> > all of the code for the model is the same, except the escalc function is
> as
> > follows:
> > pd_ec <- escalc(measure = 'PR', xi =
> data_sub$prev_positive,ni
> > = data_sub$prev_total_n, append = TRUE,
> > data = data_sub),
> >
> > *Q4) For prevalence rates, should we first subset the data to find each
> > region's prevalence rate, or use the entire dataset (adding intercept to
> > each region's slope)?*
> > *Q5)How would we calculate odds ratios using the model?*
> > *Q6)How would we calculate the confidence intervals for these odds ratios
> > using the model? *
> >
> > Thank you so much again for your advice. It's really been indispensable
> and
> > is greatly appreciated.
> >
> > All the best,
> > Olivia
> >
> > On Fri, Jul 26, 2019 at 1:44 PM Viechtbauer, Wolfgang (SP) <
> > wolfgang.viechtbauer using maastrichtuniversity.nl> wrote:
> >
> >> Hi Olivia,
> >>
> >> A couple comments before I get to your actual question:
> >>
> >> 1) You might want to divide the person-years by some factor. For
> example:
> >>
> >> ti = data$person_years / 1000
> >>
> >> The incidence rates then reflect the number of cases per 1000 person
> >> years. That way, the rates aren't so small and the same goes for the
> model
> >> coefficients (e.g., the 0.0027 will turn into 2.7, which is a bit
> easier to
> >> communicate).
> >>
> >> 2) You don't need to write pd_ec$yi and pd_ec$vi when you use
> data=pd_ec.
> >> So, rma.mv(yi, vi, ..., data=pd_ec) is sufficient.
> >>
> >> 3) You should include random effects for studies (as you have done) and
> >> also random effects for estimates within studies. So:
> >>
> >> pd_ec$id <- 1:nrow(pd_ec)
> >>
> >> random = ~ 1 | study_id / id
> >>
> >> In fact, I see that you may have multiple estimates for the same cohort,
> >> so one could even use an additional level, that is:
> >>
> >> random = ~ 1 | study_id / cohort_id / id
> >>
> >> But if you only have 8 rows of data, then I wouldn't do that (so then I
> >> would use random = ~ 1 | study_id / id).
> >>
> >> 4) Now for your actual question: You are analyzing incidence rates, so
> the
> >> coefficients of your model reflect how the (average) rate changes as a
> >> function of those moderators (e.g., while the rate is 0.0027 for
> >> "1Americas", the rate is 0.0027-0.0025=0.0002 for "Africa"). In other
> >> words, the coefficients represent incidence rate differences. If you
> want
> >> ratios, you should analyze log incidence rates (measure="IRLN"). Then
> the
> >> coefficients reflect differences between log incidence rates, so if you
> >> exponentiate the coefficients of your model, you get incidence rate
> ratios.
> >>
> >> Best,
> >> Wolfgang
> >>
> >> -----Original Message-----
> >> From: R-sig-meta-analysis [mailto:
> >> r-sig-meta-analysis-bounces using r-project.org] On Behalf Of Olivia Cords
> >> Sent: Friday, 26 July, 2019 21:27
> >> To: r-sig-meta-analysis using r-project.org
> >> Subject: [R-meta] metafor package in R - Risk ratios using rma.mv()
> >>
> >> ATTACHMENT(S) REMOVED: metafor_output_0724 (1).png |
> 702_tb_incidence.xlsx
> >> | 702_metafor_tb_incidence (4).r
> >>
> >> Hello!
> >> My name is Olivia and I'm a researcher at Stanford University. Our group
> >> is trying to calculate relative risk ratios for the a meta-analysis
> >> extracting incidence rates of tuberculosis disease using the metafor
> >> package.
> >>
> >> Study Design:
> >> Incidence rates were extracted for each study identified by a systematic
> >> review, with some studies reporting multiple rates for different years
> or
> >> locations. In this case, multiple rates were treated as different study
> >> cohorts, meaning that the data is clustered ('cohort_id' nested within
> >> 'study_id').
> >>
> >> Model:
> >> We used the rma.mv() function, inputting the calculated incidence rate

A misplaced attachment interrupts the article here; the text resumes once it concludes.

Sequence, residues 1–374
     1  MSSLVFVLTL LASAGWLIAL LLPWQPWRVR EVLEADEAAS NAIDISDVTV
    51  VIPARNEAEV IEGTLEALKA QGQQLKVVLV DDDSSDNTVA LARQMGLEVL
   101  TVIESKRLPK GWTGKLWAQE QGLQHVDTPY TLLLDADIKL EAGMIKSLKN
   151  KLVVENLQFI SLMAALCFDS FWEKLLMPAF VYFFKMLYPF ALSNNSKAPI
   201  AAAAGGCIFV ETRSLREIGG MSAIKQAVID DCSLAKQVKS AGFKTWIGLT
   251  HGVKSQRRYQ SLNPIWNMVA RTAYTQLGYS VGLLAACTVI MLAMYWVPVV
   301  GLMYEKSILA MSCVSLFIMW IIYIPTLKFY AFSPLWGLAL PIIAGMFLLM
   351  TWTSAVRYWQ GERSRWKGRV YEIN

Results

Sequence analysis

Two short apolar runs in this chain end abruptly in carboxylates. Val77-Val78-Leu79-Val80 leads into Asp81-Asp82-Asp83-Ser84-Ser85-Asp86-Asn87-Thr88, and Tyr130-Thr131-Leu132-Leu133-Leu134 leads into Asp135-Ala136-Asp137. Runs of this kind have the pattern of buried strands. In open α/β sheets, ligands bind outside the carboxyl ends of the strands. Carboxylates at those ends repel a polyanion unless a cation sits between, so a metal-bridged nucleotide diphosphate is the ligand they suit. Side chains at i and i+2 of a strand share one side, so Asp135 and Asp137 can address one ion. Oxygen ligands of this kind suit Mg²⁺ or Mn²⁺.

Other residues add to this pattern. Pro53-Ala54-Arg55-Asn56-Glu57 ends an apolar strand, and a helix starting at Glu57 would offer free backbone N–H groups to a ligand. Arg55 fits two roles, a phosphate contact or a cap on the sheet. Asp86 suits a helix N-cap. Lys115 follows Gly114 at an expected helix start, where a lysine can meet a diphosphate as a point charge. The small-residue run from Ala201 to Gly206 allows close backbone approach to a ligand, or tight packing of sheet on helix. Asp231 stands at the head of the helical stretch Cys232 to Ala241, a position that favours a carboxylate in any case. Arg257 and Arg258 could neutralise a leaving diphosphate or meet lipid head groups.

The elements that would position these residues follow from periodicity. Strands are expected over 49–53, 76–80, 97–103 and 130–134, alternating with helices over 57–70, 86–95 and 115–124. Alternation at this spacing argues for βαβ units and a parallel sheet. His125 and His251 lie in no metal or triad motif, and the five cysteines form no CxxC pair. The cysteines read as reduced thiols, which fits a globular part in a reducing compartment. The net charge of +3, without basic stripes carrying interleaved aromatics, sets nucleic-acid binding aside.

> as
> >> the outcome variable ('pdc$yi), the variance ('pdc$vi'), WHO region
> >> ('who_region') and whether the study was conducted through passive or
> >> active screening (passive_active') as moderators, and a random effects
> >> argument for the study level ('study_id'). We are unclear how to go from
> >> the output to Risk Ratios.
> >>
> >> Data:
> >> study_id cohort_id n_diagnosed person_years who_region
> >> passive_active
> >> 131 34 77 14298 1Americas 1Passive
> >> 93 120 5 27750 1Americas 1Passive
> >> 93 121 14 277150 1Americas 1Passive
> >> 93 122 15 2000 1Americas 1Passive
> >> 136 383 2 2000 Africa 2Active
> >> 136 383 7 100000 Africa 2Active
> >> 187 16 16 100000 Africa 3Not
> >> Specified
> >> 187 517 2 100000 S.E. Asia 3Not
> >> Specified
> >>
> >> Code:
> >>
> >> library(xlsx)
> >> library(metafor)
> >>
> >> data <- read.xlsx('702_tb_incidence.xlsx', 1)
> >> print(data)
> >> #calculating the incidence rate and the variance
> >> pd_ec <- escalc(
> >> measure = 'IR',
> >> xi = data$n_diagnosed,
> >> ti = data$person_years,
> >> data = data
> >> )
> >> pd_ec
> >>
> >> #specifying mixed effects model
> >> #first level cohort incidence rate and variation
> >> #second level study_id
> >> #who_region and passive_active as moderators
> >> m0 <- rma.mv(pd_ec$yi, pd_ec$vi, method='REML', mods = ~ who_region +
> >> passive_active,
> >> random= ~ 1 | study_id,
> >> tdist=TRUE,
> >> data=pd_ec)
> >>
> >> summary(m0)
> >>
> >> Output:
> >> Multivariate Meta-Analysis Model (k = 8; method: REML)
> >>
> >> logLik Deviance AIC BIC AICc
> >> 15.4961 -30.9922 -20.9922 -24.0607 39.0078
> >>
> >> Variance Components:
> >>
> >> estim sqrt nlvls fixed factor
> >> sigma^2 0.0000 0.0037 4 no study_id
> >>
> >> Test for Residual Heterogeneity:
> >> QE(df = 4) = 94.4465, p-val < .0001
> >>
> >> Test of Moderators (coefficients 2:4):
> >> F(df1 = 3, df2 = 4) = 3.7931, p-val = 0.1152
> >>
> >> Model Results:
> >>
> >> estimate se tval pval ci.lb
> ci.ub
> >> intrcpt 0.0027 0.0027 1.0073 0.3708 -0.0047
> >> 0.0101
> >> who_regionAfrica -0.0025 0.0046 -0.5493 0.6120 -0.0153
> >> 0.0102
> >> who_regionS.E. Asia -0.0027 0.0046 -0.5797 0.5932 -0.0154
> >> 0.0101
> >> passive_active2Active -0.0001 0.0053 -0.0167 0.9874 -0.0148
> 0.0146
> >>
> >> Any advice/insight in much appreciated!
> >>
> >> Best wishes,
> >> Olivia
> >>
> >
> > [[alternative HTML version deleted]]
> >
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>
> --
> Michael
> http://www.dewey.myzen.co.uk/home.html
>